Free Parking in Lots C, O, Q
and R. See campus
map . 8:30 Coffee and light breakfast (Harned Hall 110) 9:00 Welcome from Saint Martin's University Provost Molly Smith 9:25 Invocation by Fr. Kilian 9:30 Break-out sessions: Session A: Keith Meyer and Adrian Magnuson-White in Harned Hall 110 Understanding your student combat veteran from a humanistic perspective. This presentation and discussion addresses issues that are faced by veterans who are transitioning from the military to civilian life. Specific information on ways that faculty can support veterans to be successful in the classroom; the benefits of having veterans in the classroom; and community resources available to veterans. Session B: Leticia Nieto in Harned Hall 210 Beyond Classroom Hospitality: Working Skillfully Against Dynamics of Privilege and Marginalization. In this session we will work with a model for viewing hospitality in terms of understanding oppression and liberation. The session is designed to facilitate communication and empowerment. 12:00 Lunch (Provided)
1:00 On Benedictine Hospitality - Fr. Peter 1:20 Diversity Institute panel: John Hopkins, Olivia Archibald, Jeremy Newton, Jodee Flynt-Davies, Todd Barosky, Brian Barnes 2:25 Acknowledging awkwardness: Obstacles to anti-oppression solidarity. Lori Blewett (TESC) 2:45 Break 2:55 The advantage of assigning temporarily the grade of A on the first day of class: Challenging students to produce their best work in order to keep it. Anne Sulton (SMU) 3:15 “Click to Learn”: Best practices for classroom response systems. David Goldstein (UW Bothell) 3:35 Practicing hospitality in textual form: Teaching students about "Forwarding". Emily Decker Lardner (TESC) 3:55 Using technology to support language learners in content classrooms. Leslie Huff (SMU) 4:15 Hybridizing Russian Lit: Two pedagogical spaces. Jamie Olson (SMU) 4:35 Using social networking to teach and mentor students. Jeremy Newton (SMU)
Teaching Forum and Reception in HH109 5:00 (Interactive conversations with forum presenters. Wine and appetizers.)
Forum Presenters: Denis Dubois, Robert Hauhart, Belinda Hill, Joe Mailhot, Suzan Porter, Christine Salazar, Katya Shkurkin, Paul Slaboch, David Suter and Julie Yamamoto
Registration is now open for the Saint Martin’s University’s fourth annual October Symposium on Teaching and Learning. This symposium will take place on Friday, October 25, 2013 from 9am to 6:00pm in Harned Hall on the Saint Martin’s campus in Lacey, Washington.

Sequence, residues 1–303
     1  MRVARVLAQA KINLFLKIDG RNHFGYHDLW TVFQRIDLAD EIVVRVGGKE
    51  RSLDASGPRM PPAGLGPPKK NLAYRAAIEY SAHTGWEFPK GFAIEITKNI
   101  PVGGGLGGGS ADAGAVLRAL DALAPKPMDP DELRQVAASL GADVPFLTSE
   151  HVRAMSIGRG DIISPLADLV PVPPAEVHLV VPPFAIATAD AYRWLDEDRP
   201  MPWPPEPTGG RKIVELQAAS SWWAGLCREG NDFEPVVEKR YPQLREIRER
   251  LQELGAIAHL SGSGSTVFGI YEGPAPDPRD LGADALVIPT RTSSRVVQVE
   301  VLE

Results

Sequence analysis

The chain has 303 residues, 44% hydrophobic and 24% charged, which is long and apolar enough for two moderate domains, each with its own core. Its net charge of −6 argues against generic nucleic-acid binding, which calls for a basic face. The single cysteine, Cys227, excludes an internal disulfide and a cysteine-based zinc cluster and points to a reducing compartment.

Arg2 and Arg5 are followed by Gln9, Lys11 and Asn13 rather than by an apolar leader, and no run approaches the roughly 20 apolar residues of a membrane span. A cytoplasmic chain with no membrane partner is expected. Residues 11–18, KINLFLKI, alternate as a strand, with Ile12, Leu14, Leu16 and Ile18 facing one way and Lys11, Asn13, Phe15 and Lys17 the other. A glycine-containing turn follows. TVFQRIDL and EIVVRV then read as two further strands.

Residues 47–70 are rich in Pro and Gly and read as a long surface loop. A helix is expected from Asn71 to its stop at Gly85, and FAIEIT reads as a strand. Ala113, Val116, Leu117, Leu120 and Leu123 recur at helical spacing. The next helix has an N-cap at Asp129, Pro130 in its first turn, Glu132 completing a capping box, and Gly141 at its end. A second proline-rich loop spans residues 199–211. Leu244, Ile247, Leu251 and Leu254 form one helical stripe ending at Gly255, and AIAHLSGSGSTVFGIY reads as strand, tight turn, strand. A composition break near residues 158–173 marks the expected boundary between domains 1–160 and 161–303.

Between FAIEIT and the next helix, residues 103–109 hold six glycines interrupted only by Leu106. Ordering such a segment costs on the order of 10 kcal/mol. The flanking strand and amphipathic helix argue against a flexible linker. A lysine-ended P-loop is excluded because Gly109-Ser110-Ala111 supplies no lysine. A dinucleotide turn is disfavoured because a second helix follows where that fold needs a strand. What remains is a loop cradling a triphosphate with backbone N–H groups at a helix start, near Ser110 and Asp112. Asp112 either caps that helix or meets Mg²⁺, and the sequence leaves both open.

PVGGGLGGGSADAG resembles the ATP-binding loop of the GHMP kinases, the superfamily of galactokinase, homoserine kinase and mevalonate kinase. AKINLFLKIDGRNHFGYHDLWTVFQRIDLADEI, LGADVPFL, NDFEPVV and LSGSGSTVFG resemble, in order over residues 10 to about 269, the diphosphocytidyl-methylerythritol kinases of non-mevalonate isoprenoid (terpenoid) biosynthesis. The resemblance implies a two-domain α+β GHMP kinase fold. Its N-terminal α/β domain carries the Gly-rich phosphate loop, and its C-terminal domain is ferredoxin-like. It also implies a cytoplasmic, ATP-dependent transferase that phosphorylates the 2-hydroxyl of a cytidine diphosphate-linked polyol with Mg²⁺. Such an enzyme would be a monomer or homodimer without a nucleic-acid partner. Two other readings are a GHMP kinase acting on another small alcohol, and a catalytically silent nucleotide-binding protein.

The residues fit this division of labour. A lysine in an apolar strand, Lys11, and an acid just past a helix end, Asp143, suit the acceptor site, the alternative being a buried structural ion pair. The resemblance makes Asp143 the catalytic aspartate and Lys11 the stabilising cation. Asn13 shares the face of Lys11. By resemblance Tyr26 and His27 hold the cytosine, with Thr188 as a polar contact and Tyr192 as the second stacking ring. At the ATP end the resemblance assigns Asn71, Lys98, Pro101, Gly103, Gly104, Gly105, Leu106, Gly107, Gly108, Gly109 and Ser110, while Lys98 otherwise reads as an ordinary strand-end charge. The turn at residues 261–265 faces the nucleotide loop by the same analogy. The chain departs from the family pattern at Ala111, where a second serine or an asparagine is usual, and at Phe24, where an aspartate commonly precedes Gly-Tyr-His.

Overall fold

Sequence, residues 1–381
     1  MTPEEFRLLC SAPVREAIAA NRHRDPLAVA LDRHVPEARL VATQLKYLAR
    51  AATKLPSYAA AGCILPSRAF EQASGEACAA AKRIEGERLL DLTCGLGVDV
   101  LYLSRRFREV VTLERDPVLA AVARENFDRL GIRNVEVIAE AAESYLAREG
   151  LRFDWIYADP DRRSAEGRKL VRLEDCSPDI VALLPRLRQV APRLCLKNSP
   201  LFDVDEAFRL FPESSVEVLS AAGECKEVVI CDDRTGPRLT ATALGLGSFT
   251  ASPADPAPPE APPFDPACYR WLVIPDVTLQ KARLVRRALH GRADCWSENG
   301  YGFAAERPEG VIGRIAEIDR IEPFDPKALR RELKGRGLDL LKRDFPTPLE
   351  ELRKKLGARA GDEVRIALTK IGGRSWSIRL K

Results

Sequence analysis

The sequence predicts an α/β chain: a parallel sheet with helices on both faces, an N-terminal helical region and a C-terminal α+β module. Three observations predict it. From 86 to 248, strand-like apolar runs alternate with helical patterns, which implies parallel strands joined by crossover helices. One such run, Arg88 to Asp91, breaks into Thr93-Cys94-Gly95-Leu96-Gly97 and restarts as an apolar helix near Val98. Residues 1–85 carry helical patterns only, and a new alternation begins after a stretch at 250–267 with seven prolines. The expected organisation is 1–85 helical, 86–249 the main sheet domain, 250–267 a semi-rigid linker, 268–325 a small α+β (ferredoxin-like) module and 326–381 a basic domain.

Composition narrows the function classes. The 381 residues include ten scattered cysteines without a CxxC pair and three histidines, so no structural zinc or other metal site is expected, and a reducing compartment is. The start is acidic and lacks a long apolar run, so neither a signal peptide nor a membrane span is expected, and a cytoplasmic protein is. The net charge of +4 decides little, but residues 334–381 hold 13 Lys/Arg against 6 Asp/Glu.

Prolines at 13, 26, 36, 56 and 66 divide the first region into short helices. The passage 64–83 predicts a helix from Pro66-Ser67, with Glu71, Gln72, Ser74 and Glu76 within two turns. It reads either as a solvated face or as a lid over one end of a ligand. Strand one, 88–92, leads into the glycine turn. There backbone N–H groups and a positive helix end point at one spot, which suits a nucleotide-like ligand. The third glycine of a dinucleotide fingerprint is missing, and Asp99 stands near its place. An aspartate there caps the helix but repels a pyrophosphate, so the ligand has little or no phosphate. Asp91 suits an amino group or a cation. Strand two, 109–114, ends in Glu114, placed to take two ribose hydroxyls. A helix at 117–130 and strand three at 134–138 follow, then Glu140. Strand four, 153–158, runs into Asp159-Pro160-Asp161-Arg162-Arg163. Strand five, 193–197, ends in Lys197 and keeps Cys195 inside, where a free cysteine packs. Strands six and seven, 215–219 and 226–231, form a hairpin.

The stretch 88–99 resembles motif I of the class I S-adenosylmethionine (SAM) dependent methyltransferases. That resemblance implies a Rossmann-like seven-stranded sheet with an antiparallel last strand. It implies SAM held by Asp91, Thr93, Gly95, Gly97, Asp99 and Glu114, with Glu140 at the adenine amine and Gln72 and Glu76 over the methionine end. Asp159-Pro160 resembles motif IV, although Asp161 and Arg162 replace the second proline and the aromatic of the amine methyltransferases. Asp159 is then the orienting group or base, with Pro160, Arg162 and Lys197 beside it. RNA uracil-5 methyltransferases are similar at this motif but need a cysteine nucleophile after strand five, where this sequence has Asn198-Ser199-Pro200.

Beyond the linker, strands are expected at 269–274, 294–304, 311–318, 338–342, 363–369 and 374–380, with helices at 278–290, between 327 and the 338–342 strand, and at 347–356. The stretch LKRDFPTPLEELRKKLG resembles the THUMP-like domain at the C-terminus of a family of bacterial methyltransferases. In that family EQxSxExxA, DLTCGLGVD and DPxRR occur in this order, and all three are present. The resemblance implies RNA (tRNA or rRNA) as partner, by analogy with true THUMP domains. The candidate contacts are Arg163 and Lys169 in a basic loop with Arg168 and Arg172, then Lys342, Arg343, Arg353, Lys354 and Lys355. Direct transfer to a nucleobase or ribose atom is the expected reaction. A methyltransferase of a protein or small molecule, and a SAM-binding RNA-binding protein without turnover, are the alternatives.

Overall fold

The theme for this year’s symposium is inspired by the Benedictine value of Hospitality, which refers to being open to the world and welcoming a diversity of people with a common spirit of reverence and respect. Saint Martin’s University invites educators from local colleges and universities for a conversation about teaching practices that help nurture a hospitable reception of others in an environment that is caring, gracious and supportive.
All presentations should focus on the symposium theme of Hospitality in its broad sense with respect to groups that have been historically disenfranchised or excluded from higher education. We encourage you to explore how the university can be a more hospitable place for populations that have been marginalized because of their race, class, gender, sexuality, religion, military and non-traditional status. A presentation could consist of examples of successful teaching practices that engage with the concept of the other; it may be a discussion and analysis of academic theory about diversity in the classroom; it could consist of examples and lessons about teaching specific students populations; it could explore experiences of the teacher as the outsider; or it could discuss teaching methods and technologies as tools for reaching students. You may choose to challenge the notion of hospitality and what it implies in terms of one acting as a “host.” There are many ways to explore this subject and you are invited to share your ideas. Send us your abstracts and symposium registrations by October 1, 2013.
You can participate in the symposium by attending only; by giving a 20 minute individual presentation; or by participating in an afternoon poster session.
We expect to have an exciting keynote panel assembled. More information on the panelists is coming soon. Check out last year's program here.
It's no secret that social media have been useful in spreading information (and sometimes misinformation) during times of emergency such as natural disasters and revolutions. Here is a TED Talk by Clay Shirkey where he gives some great examples of this in recent history.
Although major news outlets are important in distributing official information and fact checking, social media provide the kind of immediacy and collaborative reporting that would be impossible to accomplish for any centralized media source.
As hurricane Sandy moves in, the most current flow of information is coming from East Coasters, holed up in their apartments, waiting for the storm to arrive.
Use the hash tag #Sandy and see updates every few seconds on Twitter. People post messages of concern, share humor and photographs shot out of their windows and in their homes with their phone cameras. They also share links to useful resources, such as tips for emotional care for children in a disaster.